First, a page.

Wednesday, February 3, 2010

How to talk to kids about death, in Haiti and at home--would it work for me?

I stumbled upon this article at the Tablet: A New Read On Jewish Life, because it mentions one of my books. But I found the discussion fascinating.

Here is the direct link t the posting:

I remember my first time learning that all will die some day, and my despair at trying to grasp the idea that everyone I loved, including myself, were in danger of dying some day. It was New Years; people were braking piñatas and toasting for good life, and I was scared. Non of my parents reassurances--that it will probably wouldn't happen for me in a long time--made me feel safer.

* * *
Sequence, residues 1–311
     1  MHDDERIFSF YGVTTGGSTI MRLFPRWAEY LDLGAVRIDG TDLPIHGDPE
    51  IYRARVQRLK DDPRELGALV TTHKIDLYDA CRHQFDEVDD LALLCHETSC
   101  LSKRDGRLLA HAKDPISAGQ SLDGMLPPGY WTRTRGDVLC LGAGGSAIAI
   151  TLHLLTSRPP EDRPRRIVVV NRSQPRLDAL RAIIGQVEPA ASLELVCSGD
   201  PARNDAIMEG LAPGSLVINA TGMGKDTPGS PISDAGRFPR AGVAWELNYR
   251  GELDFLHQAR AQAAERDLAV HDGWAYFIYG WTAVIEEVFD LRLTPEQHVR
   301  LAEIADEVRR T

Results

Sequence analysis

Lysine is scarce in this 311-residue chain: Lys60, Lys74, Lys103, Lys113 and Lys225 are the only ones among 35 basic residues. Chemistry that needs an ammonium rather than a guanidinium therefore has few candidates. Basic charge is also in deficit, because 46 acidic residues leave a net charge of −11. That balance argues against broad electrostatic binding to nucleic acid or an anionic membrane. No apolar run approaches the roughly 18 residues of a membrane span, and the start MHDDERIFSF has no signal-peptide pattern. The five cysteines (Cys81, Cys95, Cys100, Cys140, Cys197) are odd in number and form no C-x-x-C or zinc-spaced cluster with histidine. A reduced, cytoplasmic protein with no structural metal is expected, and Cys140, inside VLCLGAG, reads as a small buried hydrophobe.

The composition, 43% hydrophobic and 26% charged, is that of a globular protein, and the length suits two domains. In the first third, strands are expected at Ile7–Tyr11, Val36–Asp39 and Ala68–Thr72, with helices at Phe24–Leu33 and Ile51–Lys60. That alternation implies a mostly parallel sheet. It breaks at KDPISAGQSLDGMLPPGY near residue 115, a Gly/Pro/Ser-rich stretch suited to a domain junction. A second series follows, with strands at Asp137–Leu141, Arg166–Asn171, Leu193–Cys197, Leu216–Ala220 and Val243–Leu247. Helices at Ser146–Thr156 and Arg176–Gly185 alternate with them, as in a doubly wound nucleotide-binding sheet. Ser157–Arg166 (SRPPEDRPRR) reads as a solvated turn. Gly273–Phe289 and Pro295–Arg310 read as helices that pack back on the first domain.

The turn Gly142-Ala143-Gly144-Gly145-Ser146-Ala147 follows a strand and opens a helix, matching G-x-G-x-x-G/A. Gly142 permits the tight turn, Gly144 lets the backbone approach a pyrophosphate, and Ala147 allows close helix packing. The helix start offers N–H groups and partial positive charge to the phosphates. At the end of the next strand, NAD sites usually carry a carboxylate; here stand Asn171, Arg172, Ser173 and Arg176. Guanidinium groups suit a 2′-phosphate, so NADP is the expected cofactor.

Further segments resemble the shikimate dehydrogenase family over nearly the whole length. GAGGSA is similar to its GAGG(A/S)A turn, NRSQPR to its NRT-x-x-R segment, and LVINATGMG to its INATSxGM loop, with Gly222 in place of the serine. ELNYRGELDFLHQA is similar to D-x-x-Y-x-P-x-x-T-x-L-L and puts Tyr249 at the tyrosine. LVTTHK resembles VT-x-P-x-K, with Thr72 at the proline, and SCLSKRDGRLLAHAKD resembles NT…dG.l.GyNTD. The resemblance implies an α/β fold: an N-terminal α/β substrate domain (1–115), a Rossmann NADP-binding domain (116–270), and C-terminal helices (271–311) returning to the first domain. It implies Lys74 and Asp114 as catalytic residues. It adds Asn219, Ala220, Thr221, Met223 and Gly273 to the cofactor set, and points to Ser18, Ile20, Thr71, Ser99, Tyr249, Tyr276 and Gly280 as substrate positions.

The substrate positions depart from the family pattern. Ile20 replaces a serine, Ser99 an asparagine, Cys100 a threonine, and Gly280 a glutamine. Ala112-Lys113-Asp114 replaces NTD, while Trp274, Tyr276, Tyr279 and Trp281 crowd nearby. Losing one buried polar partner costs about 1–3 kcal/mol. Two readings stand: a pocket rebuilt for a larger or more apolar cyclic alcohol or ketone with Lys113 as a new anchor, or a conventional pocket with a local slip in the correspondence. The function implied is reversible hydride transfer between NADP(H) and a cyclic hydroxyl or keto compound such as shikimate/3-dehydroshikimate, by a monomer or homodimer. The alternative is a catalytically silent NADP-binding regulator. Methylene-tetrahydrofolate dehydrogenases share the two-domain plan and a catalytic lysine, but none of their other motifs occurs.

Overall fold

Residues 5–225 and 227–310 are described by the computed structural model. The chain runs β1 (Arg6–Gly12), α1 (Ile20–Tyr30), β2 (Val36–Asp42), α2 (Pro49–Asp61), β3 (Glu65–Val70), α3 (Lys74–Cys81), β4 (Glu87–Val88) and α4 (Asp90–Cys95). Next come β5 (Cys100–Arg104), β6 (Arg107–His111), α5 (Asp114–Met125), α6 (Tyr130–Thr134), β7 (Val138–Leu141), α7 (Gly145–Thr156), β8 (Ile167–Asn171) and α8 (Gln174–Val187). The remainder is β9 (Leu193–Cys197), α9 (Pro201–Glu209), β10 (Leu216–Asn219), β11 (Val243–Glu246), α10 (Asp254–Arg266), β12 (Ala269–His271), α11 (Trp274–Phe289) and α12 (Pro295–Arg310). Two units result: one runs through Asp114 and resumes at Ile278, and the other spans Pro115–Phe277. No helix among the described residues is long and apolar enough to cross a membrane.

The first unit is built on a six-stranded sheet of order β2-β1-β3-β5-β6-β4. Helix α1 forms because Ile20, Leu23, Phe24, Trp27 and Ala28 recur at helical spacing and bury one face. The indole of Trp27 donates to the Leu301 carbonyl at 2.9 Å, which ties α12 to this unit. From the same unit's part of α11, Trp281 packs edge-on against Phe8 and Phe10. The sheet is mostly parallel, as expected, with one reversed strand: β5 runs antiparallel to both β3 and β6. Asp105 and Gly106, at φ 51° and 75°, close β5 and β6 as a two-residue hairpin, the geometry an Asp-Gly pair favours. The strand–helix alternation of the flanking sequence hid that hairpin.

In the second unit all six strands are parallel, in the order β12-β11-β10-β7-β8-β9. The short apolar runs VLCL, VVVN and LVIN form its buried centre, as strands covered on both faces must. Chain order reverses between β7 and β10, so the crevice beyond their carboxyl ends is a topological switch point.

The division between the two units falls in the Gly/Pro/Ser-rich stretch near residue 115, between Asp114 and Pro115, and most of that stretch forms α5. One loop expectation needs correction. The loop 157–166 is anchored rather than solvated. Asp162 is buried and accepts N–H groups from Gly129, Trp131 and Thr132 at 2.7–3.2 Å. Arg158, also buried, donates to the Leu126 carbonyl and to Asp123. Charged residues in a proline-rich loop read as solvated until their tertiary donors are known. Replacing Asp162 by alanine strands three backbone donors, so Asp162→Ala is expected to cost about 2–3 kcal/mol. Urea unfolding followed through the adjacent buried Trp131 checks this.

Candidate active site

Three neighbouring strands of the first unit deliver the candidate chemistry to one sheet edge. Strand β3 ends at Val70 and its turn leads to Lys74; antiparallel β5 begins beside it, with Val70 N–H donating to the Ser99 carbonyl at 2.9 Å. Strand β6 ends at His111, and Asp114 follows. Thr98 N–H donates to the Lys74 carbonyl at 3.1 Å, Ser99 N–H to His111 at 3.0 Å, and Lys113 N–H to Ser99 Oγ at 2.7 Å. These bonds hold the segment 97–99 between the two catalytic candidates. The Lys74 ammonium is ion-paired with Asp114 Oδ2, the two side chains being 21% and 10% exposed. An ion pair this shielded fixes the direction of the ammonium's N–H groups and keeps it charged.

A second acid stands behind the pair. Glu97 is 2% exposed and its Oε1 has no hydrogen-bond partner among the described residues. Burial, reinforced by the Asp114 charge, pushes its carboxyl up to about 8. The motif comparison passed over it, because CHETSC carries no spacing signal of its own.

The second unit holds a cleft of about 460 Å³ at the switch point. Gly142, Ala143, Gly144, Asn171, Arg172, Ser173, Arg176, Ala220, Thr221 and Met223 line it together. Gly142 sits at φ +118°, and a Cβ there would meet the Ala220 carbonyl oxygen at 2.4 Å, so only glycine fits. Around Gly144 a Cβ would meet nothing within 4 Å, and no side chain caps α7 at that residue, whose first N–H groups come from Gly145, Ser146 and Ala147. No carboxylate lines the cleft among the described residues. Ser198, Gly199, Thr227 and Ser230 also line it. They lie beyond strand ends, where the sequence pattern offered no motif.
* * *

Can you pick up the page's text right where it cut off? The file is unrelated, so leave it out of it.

Years latter, when one of my favorite uncles died, I remember that my father struggled over my sisters and my questions of whether he could be sure that our beloved uncle was gone forever. I remember his answer: My uncle's body was still here but his soul had flown away. He was still here (which was the answer I wanted), but he wasn't (which broke my heart)? I was even more confused now! Is it perhaps that ambiguity allows room for false hopes(hope that hurts)?

Being a parent is a heroic job.

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